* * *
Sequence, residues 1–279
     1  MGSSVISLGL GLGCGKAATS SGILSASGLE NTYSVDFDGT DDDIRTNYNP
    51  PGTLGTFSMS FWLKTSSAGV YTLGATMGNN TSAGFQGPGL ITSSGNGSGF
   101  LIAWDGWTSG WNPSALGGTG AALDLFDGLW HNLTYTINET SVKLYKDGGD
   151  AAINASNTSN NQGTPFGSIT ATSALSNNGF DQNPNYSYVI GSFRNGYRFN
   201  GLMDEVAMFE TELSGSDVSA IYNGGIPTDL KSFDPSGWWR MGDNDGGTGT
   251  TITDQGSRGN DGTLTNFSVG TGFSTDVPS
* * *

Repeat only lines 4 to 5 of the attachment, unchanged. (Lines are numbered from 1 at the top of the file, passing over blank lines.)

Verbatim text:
   101  LIAWDGWTSG WNPSALGGTG AALDLFDGLW HNLTYTINET SVKLYKDGGD
   151  AAINASNTSN NQGTPFGSIT ATSALSNNGF DQNPNYSYVI GSFRNGYRFN